Minority Rights Group International (MRG) Deputy Director, Claire Thomas, writes this opinion piece for the Thomson Reuters News Foundation.+ LEARN MORE
The most numerous indigenous people in Panama are the Ngäbe (comprising over 60 per cent of the indigenous population) and are closely affiliated with a small group known as Buglé. Both communities were previously referred to as Guaymi, although this is considered outdated. Ngäbe-Buglé traditionally live in the western provinces of Bocas del Toro, Veraguas and Chiriquí. However, many Ngäbe-Buglé have migrated to other parts of Panama in search of employment.
Most Ngäbe-Buglé live in simple small jungle settings and identify with their communities much more than with ethnicity, which in turn affects their level of national political organization.
The Ngäbe-Buglé organized in the latter twentieth century to protect their land and culture. Their society was disrupted by the spread of banana plantations, the construction of the Inter-American Highway through their territory, and the appropriation of their communal lands by mestizo peasants and cattle ranchers.
The 1972 Constitution required the government to establish ‘comarcas‘ or reserves for indigenous peoples, but this policy was not universally implemented.
The erosion of their lands caused many to leave and join Panama’s migrant workforce where they were generally given the lowest paid and most physically damaging jobs.
However, development projects like the Cerro Colorado mining project put Ngäbe-Buglé ancestral lands in peril and prompted them to organize politically.
After years of protest beginning in 1972, in the year 1997 the Ngäbe-Buglé were granted their own comarca (reservation). Nevertheless, Ngäbe-Buglé leadership complained that the allocation covers too little of their ancestral grounds so most Ngäbe-Buglé would end up living outside the reserve. The Ngäbe-Buglé claimed that the government withheld rights to most of their land because of its interest in the mineral resources on their traditional territories.
Inadequate social services continue to be the major issue in the remote areas where Ngäbe-Buglé comarcas are located. Although the Panamanian government is committed to children’s rights and welfare, these benefits often do not reach Ngäbe-Buglé areas. The Constitution establishes free compulsory public education up to the 9th grade but indigenous children are not always able to attend school due to financial and economic constraints, lack of schools in their immediate areas or conversely the costs of transport, and insufficient government resources.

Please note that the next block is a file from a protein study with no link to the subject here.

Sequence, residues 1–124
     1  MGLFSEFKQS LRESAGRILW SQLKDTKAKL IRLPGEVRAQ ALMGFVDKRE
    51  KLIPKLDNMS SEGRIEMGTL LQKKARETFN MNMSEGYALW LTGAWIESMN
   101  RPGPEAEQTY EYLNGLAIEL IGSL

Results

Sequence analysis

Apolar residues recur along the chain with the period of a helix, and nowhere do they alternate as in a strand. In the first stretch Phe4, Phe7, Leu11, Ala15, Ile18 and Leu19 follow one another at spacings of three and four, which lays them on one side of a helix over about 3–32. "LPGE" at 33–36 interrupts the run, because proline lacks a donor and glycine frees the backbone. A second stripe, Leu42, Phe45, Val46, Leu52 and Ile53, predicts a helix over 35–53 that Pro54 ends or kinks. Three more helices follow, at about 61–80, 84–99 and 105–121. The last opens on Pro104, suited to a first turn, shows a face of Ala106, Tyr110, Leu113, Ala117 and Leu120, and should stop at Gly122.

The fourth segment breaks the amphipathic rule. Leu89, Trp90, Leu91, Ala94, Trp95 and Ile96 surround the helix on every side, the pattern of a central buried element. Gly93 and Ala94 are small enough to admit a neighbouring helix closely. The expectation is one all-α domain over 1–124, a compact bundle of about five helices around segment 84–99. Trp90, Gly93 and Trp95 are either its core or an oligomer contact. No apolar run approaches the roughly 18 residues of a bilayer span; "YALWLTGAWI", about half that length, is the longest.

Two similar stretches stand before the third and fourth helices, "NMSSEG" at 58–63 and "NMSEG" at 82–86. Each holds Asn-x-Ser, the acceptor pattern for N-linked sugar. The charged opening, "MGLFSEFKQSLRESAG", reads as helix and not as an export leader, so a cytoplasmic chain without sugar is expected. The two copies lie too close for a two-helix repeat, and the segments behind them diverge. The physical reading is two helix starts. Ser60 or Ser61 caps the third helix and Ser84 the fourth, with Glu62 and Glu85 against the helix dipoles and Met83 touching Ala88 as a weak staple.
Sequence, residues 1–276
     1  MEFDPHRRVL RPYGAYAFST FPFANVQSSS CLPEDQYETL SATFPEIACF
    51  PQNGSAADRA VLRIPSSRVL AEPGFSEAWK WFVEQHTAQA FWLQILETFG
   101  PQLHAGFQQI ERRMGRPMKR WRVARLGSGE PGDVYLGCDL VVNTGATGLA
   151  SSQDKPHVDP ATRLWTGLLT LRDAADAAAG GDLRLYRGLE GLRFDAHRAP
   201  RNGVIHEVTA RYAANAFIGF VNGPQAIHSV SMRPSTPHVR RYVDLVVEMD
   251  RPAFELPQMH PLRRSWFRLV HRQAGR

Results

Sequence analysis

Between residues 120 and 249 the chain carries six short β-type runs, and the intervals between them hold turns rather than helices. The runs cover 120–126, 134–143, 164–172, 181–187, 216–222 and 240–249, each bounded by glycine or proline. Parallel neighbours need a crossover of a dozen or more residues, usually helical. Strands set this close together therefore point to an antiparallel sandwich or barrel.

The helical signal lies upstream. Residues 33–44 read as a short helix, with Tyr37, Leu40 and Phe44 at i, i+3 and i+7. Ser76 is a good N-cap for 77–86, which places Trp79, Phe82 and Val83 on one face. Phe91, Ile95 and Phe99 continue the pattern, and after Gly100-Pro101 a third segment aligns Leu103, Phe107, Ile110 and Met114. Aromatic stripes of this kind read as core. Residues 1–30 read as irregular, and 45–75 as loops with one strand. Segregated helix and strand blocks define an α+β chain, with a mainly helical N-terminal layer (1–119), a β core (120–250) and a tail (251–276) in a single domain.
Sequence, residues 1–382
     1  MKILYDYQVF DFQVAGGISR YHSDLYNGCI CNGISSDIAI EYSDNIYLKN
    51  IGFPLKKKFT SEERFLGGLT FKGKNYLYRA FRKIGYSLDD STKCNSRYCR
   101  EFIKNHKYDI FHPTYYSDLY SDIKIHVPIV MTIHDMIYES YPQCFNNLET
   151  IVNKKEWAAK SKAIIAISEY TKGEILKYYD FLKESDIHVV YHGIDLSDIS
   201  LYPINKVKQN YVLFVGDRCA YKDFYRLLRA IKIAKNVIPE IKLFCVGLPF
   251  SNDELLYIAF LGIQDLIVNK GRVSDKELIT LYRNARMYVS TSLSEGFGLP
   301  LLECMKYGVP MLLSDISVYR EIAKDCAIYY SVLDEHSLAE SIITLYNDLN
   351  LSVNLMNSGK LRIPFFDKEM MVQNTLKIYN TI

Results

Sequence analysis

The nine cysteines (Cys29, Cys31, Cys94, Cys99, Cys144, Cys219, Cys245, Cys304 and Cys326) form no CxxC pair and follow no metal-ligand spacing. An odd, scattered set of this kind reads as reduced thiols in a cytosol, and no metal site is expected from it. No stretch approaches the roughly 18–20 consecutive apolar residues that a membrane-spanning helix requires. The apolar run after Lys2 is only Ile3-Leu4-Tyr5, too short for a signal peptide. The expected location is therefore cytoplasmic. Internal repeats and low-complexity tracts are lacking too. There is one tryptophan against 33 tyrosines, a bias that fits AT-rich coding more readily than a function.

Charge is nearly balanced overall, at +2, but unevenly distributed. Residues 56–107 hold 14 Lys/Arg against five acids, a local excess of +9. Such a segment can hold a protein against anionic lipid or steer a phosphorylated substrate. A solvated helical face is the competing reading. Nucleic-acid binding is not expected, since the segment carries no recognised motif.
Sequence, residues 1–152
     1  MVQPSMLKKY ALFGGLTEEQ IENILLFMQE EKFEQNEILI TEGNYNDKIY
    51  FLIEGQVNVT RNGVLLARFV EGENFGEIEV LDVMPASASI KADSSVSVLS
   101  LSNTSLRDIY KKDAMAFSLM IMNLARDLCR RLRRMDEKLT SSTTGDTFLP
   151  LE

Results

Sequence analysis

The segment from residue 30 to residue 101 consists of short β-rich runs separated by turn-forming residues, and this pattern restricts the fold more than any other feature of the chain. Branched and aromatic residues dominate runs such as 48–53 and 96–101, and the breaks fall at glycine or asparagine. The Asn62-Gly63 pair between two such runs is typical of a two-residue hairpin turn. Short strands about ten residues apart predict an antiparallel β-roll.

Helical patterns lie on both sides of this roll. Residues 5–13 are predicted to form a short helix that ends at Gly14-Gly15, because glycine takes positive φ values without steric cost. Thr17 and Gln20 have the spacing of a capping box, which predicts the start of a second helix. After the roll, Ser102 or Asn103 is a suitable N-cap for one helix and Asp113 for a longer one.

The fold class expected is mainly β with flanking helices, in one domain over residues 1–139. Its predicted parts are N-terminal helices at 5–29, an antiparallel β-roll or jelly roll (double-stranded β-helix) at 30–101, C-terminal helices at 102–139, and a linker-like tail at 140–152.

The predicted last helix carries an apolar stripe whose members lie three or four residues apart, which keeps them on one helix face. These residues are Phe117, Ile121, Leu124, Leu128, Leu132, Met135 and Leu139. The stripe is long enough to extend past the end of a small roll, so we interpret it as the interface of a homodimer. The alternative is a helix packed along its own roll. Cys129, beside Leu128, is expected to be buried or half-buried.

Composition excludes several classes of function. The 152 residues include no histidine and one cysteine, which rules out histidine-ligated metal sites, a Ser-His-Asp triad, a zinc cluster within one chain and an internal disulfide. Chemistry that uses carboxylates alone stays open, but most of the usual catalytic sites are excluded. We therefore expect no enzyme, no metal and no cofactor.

In the country’s sugar, coffee, and banana plantations, Ngäbe-Buglé continue to work under worse conditions than their non-indigenous counterparts. They frequently do not receive the basic rights provided by the Labour Code including minimum wage, social security benefits, termination pay and job security.
Like other indigenous communities, the problem of child labour in agricultural areas also affects the Ngäbe-Buglé. Migrant Ngäbe-Buglé families leave their isolated reserves in search of income. During the harvest of sugar cane, coffee, bananas, melons and tomatoes, farm owners often pay according to the volume harvested, leading many Ngäbe-Buglé labourers to bring their young children to the fields to help with the work.
Due to inadequate education and poor Spanish language skills members of this group are often unaware of their rights and fail to employ legal channels when threatened. In addition, legal tribunals are unavailable in their comarcas, which in general do not receive much government attention or social investment.
While the National Assembly has now dedicated three seats for Ngäbe-Buglé legislators, community members continue to be sidelined from major decision making, including various developments that impact directly on the community.
After protesting locally for several months, in March 2008 the Ngäbe of Charco La Pava, District of Changuinola, Province of Bocas del Toro, in Western Panama launched an urgent appeal soliciting the help of the international community in ending the construction of the Changuinola hydroelectric dam on their traditional lands. This included taking their case to the Inter-American Commission of Human Rights (IACHR) in Washington DC with the help of international rights advocacy groups. In May 2009, James Anaya, the UN Special Rapporteur on the rights of indigenous peoples visited the affected communities. From the outset, the Ngäbe-Buglé population in Changuinola had reported coercion, bribery and intimidation by AES Corporation, the company leading the hydroelectric project.
Subsequently, Anaya issued a report in November 2009 which culminated in an IACHR petition calling for the Panamanian government to suspend the project pending further investigations. Nonetheless, the request was ignored by the government and the US$600 million project was completed by 2011, displacing around 1,000 Ngäbe residents.
Soon after, a highly controversial hydroelectric project known as the ‘Barro Blanco’ dam was approved without the free, prior and informed consent of the communities affected, who stand to lose their entire way of life. In September 2016, members of the Ngäbe-Buglé General Congress rejected the planned completion of the dam. However, in December 2016 Panama’s Supreme Court ruled in favour of the project, deeming Barro Blanco as a matter of ‘public interest’. Since the flooding of the river, the crops cultivated by Ngäbe-Buglé communities have been devastated and the area is plagued by mosquitoes. In May 2018, the Tabasará River was drained for maintenance work on the dam, wiping out local fish stocks and leaving Ngäbé-Buglé communities with no source of protein.
Minorities and indigenous peoples in